(aka call, jsr, jmpl, bl, etc.) which only provides you with control of
the execution locus (i.e. a place to jump, saving the place to return).
The passing of arguments is entirely up to the programmer. (The sparc
can pass the first 6 args in registers automatically, but even this is
not mandatory; I saw a lisp from Japan which didn't use register windows,
and on deeply recursive functions claimed to be 10X faster than lisps and
Cs running similar benchmarks.)

On the other hand, most architecture/operating-system sets have documents
which define a "calling standard", which lay out for various languages
how the calls are to be performed at the assembler level, and even what
registers are caller-saves vs callee-saves, etc. It behooves any
language implementor that wants his language to talk to other languages
to at least pay attention to this underlying standard. Usually these
standards are called "C calling standards" because other languages such
as fortran, pascal, and lisp have extra needs, and the written standard
is only meant to describe interoperability with C.

So in summary, I assume only that the standard calling conventions are
adhered to, which can _mostly_ be described by C syntax.

> Don't many of the Lisp-to-C translators simply forego using the C calling
> sequence in this way?

FranzLisp did it essentially this way, but from reading Howard Stearns'
paper on Eclipse, they do not do it this way; instead they pass an
"end-of-arguments" flag with regular C arguments. But their goals are
higher-level than just using C as an assembler; they want their generated
code to be able to talk to C programs as directly as possible.

I don't know how any other lisp-to-c translators do this; perhaps their
implementors will speak out about it.

> They have a separate, global (or per-thread) array
> that they use as the argument PDL, or perhaps all functions are called as:
>
> f(arg_count, arg_vector);
>
> The similarity between this and the way C's main() function is invoked is
> not coincidental -- it's a simple way to implement varargs semantics
> without the hassle of C's varargs mechanism, applicable whenever all the
> elements of the vector are of the same type (all strings for main(), and
> all of whatever type you use to represent general Lisp objects in a
> Lisp-to-C translator).

This avoids the hassle of varargs, but new issues must be solved; usually
having to do with allocation (what happens when your argument stack
overflows) or deallocation (what happens when a throw occurs).
Obviously they are solvable, but working with FranzLisp we found that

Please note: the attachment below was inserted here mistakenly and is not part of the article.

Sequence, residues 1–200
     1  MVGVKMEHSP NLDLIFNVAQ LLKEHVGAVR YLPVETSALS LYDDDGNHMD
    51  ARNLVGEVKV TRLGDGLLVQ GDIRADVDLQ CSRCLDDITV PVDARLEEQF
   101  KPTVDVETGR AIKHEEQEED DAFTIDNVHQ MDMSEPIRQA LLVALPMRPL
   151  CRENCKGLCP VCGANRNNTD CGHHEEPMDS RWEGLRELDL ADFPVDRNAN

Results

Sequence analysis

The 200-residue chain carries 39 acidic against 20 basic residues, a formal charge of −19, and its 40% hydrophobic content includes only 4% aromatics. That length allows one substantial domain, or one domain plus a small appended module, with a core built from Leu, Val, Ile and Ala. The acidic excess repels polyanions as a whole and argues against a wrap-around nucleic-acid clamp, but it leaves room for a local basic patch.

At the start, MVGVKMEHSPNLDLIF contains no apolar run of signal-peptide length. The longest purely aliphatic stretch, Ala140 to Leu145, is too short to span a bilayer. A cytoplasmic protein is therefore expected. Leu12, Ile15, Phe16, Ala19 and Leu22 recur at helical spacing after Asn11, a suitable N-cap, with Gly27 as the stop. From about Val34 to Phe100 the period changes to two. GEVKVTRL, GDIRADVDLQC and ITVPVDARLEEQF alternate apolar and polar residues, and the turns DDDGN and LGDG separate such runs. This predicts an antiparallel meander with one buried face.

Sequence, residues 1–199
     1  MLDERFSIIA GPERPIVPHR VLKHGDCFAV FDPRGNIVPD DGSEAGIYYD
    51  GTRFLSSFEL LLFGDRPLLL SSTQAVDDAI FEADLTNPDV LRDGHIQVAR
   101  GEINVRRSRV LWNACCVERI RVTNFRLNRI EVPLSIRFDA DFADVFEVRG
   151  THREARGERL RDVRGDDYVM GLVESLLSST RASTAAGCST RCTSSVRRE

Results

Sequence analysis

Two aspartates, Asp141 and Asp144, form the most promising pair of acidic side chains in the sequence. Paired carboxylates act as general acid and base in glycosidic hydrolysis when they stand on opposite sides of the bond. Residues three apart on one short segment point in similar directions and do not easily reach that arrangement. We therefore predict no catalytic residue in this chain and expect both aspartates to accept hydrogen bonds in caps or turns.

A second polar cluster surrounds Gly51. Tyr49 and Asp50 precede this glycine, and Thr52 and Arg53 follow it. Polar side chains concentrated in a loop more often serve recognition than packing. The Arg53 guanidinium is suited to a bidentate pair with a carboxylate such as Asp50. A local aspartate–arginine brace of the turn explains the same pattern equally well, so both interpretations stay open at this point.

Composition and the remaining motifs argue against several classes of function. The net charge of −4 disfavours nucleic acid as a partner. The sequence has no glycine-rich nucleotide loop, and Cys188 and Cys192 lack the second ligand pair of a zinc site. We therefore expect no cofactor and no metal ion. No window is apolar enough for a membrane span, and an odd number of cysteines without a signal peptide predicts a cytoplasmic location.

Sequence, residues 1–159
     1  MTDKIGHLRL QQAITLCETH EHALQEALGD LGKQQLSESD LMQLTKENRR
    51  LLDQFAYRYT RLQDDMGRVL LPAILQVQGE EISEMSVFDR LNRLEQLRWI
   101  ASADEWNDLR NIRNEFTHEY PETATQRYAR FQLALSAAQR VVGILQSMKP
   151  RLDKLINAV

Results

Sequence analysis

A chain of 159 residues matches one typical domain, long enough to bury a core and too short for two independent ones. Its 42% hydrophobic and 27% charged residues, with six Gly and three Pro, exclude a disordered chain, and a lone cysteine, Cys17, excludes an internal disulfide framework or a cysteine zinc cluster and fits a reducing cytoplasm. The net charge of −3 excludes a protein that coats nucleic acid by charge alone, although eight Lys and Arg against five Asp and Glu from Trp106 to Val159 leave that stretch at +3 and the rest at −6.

multiple stacks always require extra overhead to maintain consistency.

Howard R. Stearns

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Dec 28, 1998, 3:00:00 AM12/28/98
to
In my other message on this thread, I wrote about how defining different
target machine models might be more useful in understanding some issues
than simply describing which source languages are used to implement
those target machines. (I know that Duane and Barmar understand this
stuff, I'm just trying to clarify for the rest of us.) Using this
approach...

C-machines define a mechanism for varargs, but not for specifying the
argument count. If your goal is to interoperate with C code using C
idioms, then you want your compiler to "compile to a c-machine" and use
varargs for Lisp's variable arguments. This still leaves open the issue
of how one knows when the arguments are terminated: Eclipse uses an
End-Of-Arguments marker as a compiler-supplied extra last argument,
ECoLisp uses an int argument count as a compiler-supplied extra first
argument. (Eclipse uses EOA becuase it's less prone to breakage by
hand-editing C code.) This also leaves open the issue of whether or not
functions with a fixed number of arguments uses this mechanism. (In
Eclipse, all functions use varargs, so that users writing calling code
(and interpreters!) don't need to know how the function was defined.

I think many of Duane's comments for compiling-to-c are really meant to
apply to c-machines, as opposed to using C to implement a Lisp-like
stack machine. For example, I believe that CLiCC and KCL/ACKL/GCL use C
only as "portable assembly language", where "assembly language" here
does not mean hardware assembly language but rather an assembly language
for a Lisp-like stack-oriented machine, which is itself implemented in
C. Such a machine does not use the C calling convention for user code,
but only for the assembly code itself. User functions operate by having
the caller build a stack frame of arguments. This stack frame is
implemented as an array, and the C-code "assembly language" provides
"instructions" (C macros or functions) for pushing things onto this
stack, etc. In C terms, each Lisp function is then
called/invoked/jumped-to, by C-calling a function that takes only "meta
arguments" -- arguments to the abstract machine such as the location of
the stack and/or number of arguments. The actual arguments for the Lisp
function are on the abstract machine stack, not the hardware/C-machine
stack/registers.

Duane Rettig wrote:
>
> Barry Margolin <bar...@bbnplanet.com> writes:
>
> > In article <4zp8kn7x...@beta.franz.com>,
> > Duane Rettig <du...@franz.com> wrote:

> > >2. The calling/returning of args/values only supports C semantics.
> >